So a lesson we can all learn from dogs is to enjoy the now. Forgive the past or people from our pasts, move away from any thoughts that taint our day we are in. Get home from work and let the day drop off your shoulders, relax and enjoy THIS moment. Each day literally is a fresh start, so whatever ailments we carry, mindsets that are fixed or attitudes. look at a dog, they carry none of it(some humans hurt their journey) they have a past but choose the now, they choose life and the simple pleasures they can take from it.
until next time…
Okay, Just stop for a minute and stare at your dog. Just take the time to look deeply at this marvel of a pet that is always there around us, with unconditional loyalty and love.
We are so busy as people nowadays that we can take for granted the small things that make up our day.
When I’m out walking I see so many people walking along staring into the little screen of their mobile phone, no doubt checking their Instagram about what their favourite celebrity had for breakfast! really important stuff!
We then get home and switch the bigger screen on in the corner of our room and get lost in dramas or news for the evening, all of this is outside our own lives and personal experiences. I am guilty of this, but whilst sitting looking at one of my dogs “Rocky” I realised they don’t have anything else to do in life except wait for us as their owners to spend time with them and crave devoted time with us.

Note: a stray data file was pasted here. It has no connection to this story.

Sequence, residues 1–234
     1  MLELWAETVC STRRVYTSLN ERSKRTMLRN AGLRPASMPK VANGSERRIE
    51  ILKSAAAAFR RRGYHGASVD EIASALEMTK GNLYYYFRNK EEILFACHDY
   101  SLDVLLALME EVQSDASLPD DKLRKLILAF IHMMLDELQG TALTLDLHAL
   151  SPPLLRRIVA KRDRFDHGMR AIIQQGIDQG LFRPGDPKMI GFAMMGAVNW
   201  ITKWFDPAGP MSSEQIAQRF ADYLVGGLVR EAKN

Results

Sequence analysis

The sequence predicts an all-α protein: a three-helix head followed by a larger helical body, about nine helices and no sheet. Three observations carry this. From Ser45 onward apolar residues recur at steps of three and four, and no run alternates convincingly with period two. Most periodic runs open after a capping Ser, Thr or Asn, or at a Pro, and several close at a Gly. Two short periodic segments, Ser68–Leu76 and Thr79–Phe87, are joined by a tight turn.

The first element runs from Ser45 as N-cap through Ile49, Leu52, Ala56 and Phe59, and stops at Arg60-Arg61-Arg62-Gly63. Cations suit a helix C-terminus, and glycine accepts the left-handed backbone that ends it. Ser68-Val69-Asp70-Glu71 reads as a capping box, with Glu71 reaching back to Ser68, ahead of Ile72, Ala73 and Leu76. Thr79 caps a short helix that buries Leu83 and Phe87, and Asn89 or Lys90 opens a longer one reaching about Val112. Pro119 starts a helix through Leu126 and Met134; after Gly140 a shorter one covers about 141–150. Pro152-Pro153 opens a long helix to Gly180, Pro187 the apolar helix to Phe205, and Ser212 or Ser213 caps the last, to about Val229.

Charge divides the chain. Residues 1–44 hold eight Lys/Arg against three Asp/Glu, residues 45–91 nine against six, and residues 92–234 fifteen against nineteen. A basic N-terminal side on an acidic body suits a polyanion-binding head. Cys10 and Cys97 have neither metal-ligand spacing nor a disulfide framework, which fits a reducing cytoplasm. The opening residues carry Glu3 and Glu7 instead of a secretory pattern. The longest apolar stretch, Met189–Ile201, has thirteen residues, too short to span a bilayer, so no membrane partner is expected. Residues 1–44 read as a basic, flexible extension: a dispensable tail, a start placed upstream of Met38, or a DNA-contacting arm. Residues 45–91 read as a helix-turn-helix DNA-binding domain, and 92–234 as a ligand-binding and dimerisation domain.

A pet doesn’t have any gadgets to distract their day, maybe their favourite squeaky toy! They just want to be next to our side cuddled up or on a walk, that to them is “living”. It’s why most homeless peoples dogs are calm and balanced.
One of my dogs “Herbie” is devoted to my wife Jackie, He lives and breathes to please her and wouldn’t care if nobody else in the world existed, He is totally and unapologetically bonded with her. When on a walk together, he will stay near her and at home he doesn’t leave her side. When she goes out to work, he waits, and waits , and waits for her return, every car engine or door slam, his little ears prick up in anticipation of his “love” returning home. Then comes the welcome upon her return!
It’s the little things in life that excite our pets, TIME is the most important little thing. Time is love, time is devotion and time is looking at the priorities of life and changing our habits to accommodate appropriate small time with the animals and people we love.
It has made me re-evaluate my time. When “Rocky” does his little bark to play ball(even at midnight!) I am going to stop worrying about what I’m watching and play with him. He is in my world, right now and it’s my duty to spend quality time with him and all my dogs instead of placing gadgets and the outside world first.
So just stop. look at your pet. Think about the small things in life they cherish and take advice from them, it may help to reduce worry, stress and normalise life in this busy, messy world we share.
until next time…
How dogs say hello!
When I am out and about walking I am lucky enough to meet many different dogs and their owners. One of the things I notice the most is how we as humans expect our dogs to say “hi” just as we do.